There is significant concern that in practical applications of such tunable devices, in particular, in BST-based phase shifters for electronically scanned antennas (ESAs), the phase shifter performance will be compromised due to the temperature dependence of the device capacitance. The same temperature instability issues are also relevant to tunable filters/preselectos used in small tactical radio systems and handheld communication devices. Specifically, the capacitance of the BST-based device (phase shifter and/or tunable filter) is strongly influenced by temperature changes because the dielectric permittivity (K),or the relative dielectric constant (εr )of a single composition paraelectric BST film (e.g., Ba0.5Sr0.5TiO3) follows the Curie-Weiss law,

K=C/(Tθ)E1

whereC is the Curie constant, T is the temperature, and θ is the Curie Weiss temperature (Oates et al., 1997). In field applications, communications systems (antenna and/or radio systems) are exposed to a broad range of harsh operational environments, i.e., variable ambient temperatures, and spurious changes in the device capacitance that stem from ambient temperature fluctuations. These will disrupt the phase shifter performance via device-to-device phase shift and/or insertion loss variations, leading to beam pointing errors and ultimately communication disruption and/or failure in the ability to receive and transmit the information. The same is true for BST-based tunable filters where the susceptibility of the capacitance to temperature changes results in the alteration of the band pass window sharpness (window narrows or broadens), or the entire band pass window may shift to higher or lower frequency and/or insertion loss may be degraded. Such poor temperature stability of the capacitance would result in the carrier signal drifting in and out on hot and cold days. Thus, to ensure device performance consistency and reliability, temperature stable devices are essential for the next generation communications systems, ESA’s, radios and hand-held communications devices.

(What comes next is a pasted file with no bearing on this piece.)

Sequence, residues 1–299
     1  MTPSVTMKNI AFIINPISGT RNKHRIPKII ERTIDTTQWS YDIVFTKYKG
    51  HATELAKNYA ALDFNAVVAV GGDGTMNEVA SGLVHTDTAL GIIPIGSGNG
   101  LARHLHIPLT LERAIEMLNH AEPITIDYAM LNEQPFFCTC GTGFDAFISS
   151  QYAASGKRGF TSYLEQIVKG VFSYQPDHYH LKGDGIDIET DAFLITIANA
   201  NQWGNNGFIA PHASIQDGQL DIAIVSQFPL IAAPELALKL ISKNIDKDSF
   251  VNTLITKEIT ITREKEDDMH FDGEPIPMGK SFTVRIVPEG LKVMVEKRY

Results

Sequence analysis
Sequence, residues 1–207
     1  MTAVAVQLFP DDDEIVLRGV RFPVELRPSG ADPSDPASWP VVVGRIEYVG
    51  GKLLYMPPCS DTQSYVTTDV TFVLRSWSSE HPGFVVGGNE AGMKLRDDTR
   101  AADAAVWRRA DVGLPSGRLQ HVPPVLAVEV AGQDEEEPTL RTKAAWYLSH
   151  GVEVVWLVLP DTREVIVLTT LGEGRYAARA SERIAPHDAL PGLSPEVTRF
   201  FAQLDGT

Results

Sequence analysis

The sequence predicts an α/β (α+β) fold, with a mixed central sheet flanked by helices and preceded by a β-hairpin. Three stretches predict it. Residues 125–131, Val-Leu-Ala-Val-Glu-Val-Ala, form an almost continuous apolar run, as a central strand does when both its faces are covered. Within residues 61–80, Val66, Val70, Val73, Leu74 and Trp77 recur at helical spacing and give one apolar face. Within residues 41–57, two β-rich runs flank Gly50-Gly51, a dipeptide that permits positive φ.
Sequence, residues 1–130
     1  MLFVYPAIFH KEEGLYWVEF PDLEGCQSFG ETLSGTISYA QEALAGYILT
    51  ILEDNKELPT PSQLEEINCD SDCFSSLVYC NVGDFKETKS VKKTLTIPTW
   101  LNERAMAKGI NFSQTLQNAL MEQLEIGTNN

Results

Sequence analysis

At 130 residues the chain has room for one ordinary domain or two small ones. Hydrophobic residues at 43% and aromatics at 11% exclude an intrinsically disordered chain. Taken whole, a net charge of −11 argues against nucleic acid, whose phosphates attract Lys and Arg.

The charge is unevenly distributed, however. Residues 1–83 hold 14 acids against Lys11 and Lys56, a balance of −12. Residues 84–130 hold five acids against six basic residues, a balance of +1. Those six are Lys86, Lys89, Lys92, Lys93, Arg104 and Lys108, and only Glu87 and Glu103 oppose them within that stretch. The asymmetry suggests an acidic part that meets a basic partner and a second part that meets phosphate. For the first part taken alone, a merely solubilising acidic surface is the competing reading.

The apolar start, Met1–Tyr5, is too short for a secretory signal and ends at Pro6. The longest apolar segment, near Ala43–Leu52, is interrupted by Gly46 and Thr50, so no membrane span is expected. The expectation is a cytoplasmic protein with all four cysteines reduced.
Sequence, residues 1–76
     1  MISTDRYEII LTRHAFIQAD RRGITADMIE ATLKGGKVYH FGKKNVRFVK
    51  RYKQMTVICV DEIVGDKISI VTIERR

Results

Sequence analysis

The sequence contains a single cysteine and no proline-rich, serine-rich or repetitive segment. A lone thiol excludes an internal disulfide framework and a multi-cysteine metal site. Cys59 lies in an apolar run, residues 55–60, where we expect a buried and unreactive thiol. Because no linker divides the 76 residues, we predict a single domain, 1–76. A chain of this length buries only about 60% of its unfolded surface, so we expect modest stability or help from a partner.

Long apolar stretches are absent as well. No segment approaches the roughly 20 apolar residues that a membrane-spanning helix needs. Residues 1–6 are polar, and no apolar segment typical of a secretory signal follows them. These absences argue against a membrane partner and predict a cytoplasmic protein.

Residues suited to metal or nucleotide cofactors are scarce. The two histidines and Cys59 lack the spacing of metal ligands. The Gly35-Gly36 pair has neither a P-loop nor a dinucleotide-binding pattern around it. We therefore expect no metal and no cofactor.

This Chapter discusses the temperature stability issues and puts forward a summary of innovative materials designs, and novel process science solutions which serve to help mitigate this temperature sensitivity and render BST thin films more useful and device-relevant for the next-generation RF-microwave devices/systems. Particular emphasis is concentratedon tunable phase shifters and filters to enable phased array antennas, radars and other advanced communications devices. Advances in wireless communications applications are highly dependent upon improvements in microwave materials in concert with achieving balanced property-optimization. Thus, the critical review put forward in this Chapter holds promises to provide the foundation and spawn new materials research solutions to further enable the development of BST thin films for applications in microwave device arena.

2. Temperature instability of BST materials

It is well known that for single crystal and polycrystalline bulk BST ceramics, the dielectric permittivities are strongly temperature dependent, with a sharp dielectric anomaly at the ferroelectric to paraelectric phase transition, Tc (Lemanov et al., 1996). Moreover, due to the functional dependence of the dielectric permittivity with temperature, the resonant frequency of a fabricated microwave device also becomes strongly temperature dependent resulting in carrier signal drift in an ambient surrounding (Cava, 2001). The temperature dependent drift of resonant frequency poses serious problems in using bulk ceramic BST for practical device applications, that must be addressed. Initially, BST in thin film form was considered as a firstorder solution towards realizing temperature stability. Compared to bulk ceramic BST, thin film BST (of the same composition) does not possess such a pronounced dielectric anomaly (Fig 1). For example, Fig. 1 compares the temperature